FirstLight Astronomy Club

33°29.6'N / 117°06.8'W / 1190 ft.

The Indescribable Vastness of the Universe - Part 1

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Gigantic. Humongous. Herculean. Monstrous. Pharaonic. Cosmic. Astronomical. All these are synonymous with huge. All of these are used to describe the size of the universe. But, really, none of them can be used to accurately describe its size. It is so big it needs its own word. 

This week we will try to get some idea of how vast our home is. The next time we get together we will look at the profound philosophical implications of the size of our universe and how some derive from it meaning - or a lack of it.

Let's start at home. The distance to our sun is about 93 million miles. If we could fly a commercial plane to the sun nonstop, it would take nearly 20 years to reach it. 

The diameter of our solar system out to Neptune is over five-and-a-half billion miles. Flying a plane that distance - from one side to the other - would take over a thousand years. And we are only just talking about the planetary bounds of the solar system.

Let's go to the nearest star other than the sun. That would be Proxima Centauri. That tiny star is almost 26 trillion miles away, so far that it is easier to measure its distance in the time it takes light to get there. Light, racing at 186,000 miles per second, takes 4.3 years to get there. Proxima Centauri is 4.3 light-years away. That is just the nearest star!

The other stars we see in the sky are tens or hundreds or even thousands of light-years away. 

The huge spiral collection of stars we live in, the Milky Way, is over 100,000 light-years across, over 60,000 trillion miles. I don't know about you, but it is already way bigger than anything I can even begin to comprehend - and we have not yet even left our galaxy. 

Now we zip through near empty space to another great "landmark" of space.

The nearest significant galaxy to us is the Andromeda Galaxy. That beauty is about 2.5 million light-years away from us. 

From now on we jump millions of light years at a time and galaxy-hop through the universe, farther and farther away, to the farthest reaches of the visible universe. How far will this hopping around get us? About 13 billion light-years out in all directions. And that is as far out as we can see. The universe may be another 10 times bigger than that!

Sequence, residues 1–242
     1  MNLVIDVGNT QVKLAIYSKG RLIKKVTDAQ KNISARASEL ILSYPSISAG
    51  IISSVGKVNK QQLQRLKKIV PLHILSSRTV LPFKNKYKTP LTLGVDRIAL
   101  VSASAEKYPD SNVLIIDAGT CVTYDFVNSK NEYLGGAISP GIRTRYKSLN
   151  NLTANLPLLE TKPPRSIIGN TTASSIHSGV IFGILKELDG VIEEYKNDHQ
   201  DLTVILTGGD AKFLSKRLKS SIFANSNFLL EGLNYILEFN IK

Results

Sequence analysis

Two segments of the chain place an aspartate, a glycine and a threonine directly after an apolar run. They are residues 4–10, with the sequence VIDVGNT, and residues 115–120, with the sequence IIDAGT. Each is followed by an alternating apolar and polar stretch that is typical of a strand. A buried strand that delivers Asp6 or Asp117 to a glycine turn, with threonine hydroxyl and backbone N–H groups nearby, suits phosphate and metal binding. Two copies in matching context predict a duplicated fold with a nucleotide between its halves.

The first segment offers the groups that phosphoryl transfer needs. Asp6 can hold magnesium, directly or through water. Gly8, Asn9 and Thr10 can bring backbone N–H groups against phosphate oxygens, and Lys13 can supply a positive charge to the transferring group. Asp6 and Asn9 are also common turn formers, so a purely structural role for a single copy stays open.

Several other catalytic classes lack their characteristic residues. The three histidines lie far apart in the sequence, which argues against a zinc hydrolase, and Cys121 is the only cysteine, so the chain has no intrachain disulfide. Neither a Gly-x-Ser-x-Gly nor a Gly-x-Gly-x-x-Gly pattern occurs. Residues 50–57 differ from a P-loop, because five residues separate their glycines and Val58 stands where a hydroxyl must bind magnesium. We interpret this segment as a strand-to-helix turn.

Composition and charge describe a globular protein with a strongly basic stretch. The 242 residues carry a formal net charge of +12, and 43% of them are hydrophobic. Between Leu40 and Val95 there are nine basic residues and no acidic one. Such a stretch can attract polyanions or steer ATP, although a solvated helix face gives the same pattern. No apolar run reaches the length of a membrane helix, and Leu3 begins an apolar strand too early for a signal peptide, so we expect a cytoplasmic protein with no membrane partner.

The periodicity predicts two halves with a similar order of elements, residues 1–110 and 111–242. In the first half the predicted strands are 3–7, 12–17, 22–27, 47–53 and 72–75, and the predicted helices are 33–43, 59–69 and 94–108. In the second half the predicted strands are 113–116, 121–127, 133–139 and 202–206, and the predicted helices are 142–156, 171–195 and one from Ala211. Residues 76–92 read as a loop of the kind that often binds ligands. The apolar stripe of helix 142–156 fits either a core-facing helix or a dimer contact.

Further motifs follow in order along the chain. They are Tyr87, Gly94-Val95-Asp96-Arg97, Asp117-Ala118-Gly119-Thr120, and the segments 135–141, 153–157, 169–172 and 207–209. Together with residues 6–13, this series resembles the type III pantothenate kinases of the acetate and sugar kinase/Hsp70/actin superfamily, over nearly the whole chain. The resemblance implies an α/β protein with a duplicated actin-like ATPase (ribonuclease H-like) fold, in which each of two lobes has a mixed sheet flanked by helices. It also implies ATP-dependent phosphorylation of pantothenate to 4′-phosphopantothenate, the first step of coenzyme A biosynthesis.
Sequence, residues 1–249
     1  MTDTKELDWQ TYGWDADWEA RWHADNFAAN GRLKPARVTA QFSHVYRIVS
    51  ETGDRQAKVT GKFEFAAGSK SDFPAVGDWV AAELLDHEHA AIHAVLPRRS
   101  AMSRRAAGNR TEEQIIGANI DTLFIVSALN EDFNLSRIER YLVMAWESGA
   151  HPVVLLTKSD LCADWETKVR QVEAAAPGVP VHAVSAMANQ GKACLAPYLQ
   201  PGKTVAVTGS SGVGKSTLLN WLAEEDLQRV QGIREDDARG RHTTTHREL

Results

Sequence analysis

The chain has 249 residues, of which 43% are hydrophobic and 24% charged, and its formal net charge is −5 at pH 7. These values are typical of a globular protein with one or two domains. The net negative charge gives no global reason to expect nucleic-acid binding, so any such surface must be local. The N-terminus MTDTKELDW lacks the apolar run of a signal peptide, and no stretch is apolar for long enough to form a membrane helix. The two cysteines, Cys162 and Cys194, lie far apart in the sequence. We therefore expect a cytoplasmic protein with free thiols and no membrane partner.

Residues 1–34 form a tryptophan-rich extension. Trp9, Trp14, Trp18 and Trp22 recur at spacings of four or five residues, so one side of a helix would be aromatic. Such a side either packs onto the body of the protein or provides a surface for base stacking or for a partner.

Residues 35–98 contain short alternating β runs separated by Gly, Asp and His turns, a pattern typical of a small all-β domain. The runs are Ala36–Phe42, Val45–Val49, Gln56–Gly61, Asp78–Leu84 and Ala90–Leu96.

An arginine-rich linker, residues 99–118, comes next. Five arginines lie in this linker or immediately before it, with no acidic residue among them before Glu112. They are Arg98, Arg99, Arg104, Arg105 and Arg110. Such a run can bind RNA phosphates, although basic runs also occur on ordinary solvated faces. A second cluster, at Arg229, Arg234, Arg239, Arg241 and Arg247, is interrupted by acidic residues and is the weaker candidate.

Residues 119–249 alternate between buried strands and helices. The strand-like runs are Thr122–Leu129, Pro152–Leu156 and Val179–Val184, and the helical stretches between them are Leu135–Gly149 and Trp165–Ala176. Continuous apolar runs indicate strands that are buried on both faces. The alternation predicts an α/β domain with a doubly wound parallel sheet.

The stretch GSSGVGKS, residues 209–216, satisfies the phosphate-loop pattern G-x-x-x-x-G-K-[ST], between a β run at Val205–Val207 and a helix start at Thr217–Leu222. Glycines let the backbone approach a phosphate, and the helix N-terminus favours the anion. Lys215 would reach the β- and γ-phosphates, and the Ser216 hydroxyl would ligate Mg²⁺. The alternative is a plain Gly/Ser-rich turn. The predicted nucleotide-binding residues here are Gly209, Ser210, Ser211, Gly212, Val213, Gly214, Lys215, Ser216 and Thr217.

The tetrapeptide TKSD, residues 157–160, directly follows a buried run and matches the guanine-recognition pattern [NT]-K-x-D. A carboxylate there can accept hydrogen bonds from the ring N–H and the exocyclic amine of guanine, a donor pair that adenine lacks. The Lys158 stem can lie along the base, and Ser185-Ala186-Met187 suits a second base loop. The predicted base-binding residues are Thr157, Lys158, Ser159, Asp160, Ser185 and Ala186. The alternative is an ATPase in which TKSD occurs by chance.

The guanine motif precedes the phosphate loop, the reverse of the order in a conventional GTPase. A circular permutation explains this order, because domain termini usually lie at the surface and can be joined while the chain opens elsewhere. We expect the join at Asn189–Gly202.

I'll give an example that will try - vainly, I'm afraid - to put it in perspective. If the entire planet Earth represented the size of the visible universe, our planet would be no bigger than... a single infinitesimal atom. 

Our universe is vast. Vastly vast. But does this mean our relative inconceivable smallness is a measure of our worth? Some people think so. We'll look at the philosophical implications of our enormous universe next time. 

Observations on Observatories

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This week let's take a little true-false quiz on the great observatories. Regular readers here should be able to get a perfect score. One way or another, don't fret, it's all in fun!

T/F Observatories are built as high up as they are because that brings them ever so much closer to the stars.  

Well, not really. You can technically build an optical observatory any where your little heart desires. In fact, it would be very pleasurable if astronomers could build them in  beach communities instead of thousands of feet up an ice-cold mountain with little air and desert-dry conditions. So, why don't they?

That atmosphere of ours, so absolutely beneficial and perfectly balanced for life on our planet, is anathema to astronomy. The air bounces the all-important light all over the place, causing images - and all other kinds of information - to become distorted. 

Get those telescopes high and dry and cold and you have great, if not comfy, conditions. Put them in orbit around the Earth, above the atmosphere altogether, and the images are pristine. 

T/F The best telescopes at those observatories are the longest ones from end-to-end. 

You'd think so, huh? It seems reasonable. There are some benefits to having longer telescopes, but by far the most important aspect of those big scopes is their width! The big, round mirror that is set up at one end of that great scope needs to collect as much light as possible and reflect it back to the imaging instruments. What can gather and reflect more photons of light - a tiny little mirror or a big one?

Of course, a big one. One of the biggest in the world for decades was our own Hale Telescope on Mount Palomar. It measures a whopping 5 meters across. In the last couple decades, however, it has been surpassed by telescopes with mirrors measuring up to 10 meters from side to side. And there are plans to make one with a set of mirrors totaling 30 meters across!

T/F A mere member of the public can actually visit some of these great observatories. 

Absolutely true! Some, like the Keck Observatory on the island of Hawaii are not exactly user-friendly. They have a small visitor's cage inside the dome from which you can kinda sorta see the great scope. Others, like our Palomar Observatory have one of the best tours of a working telescope going. And of course there are places like the famous Griffith Observatory in Los Angeles which is practically an astronomy amusement park. 

How did you do? Doesn't matter. If you learned something new, we all win. 

Until next time, clear skies!
Temecula Valley High School / Temecula, CA · Some images © Gemini Observatory/AURA Contact Me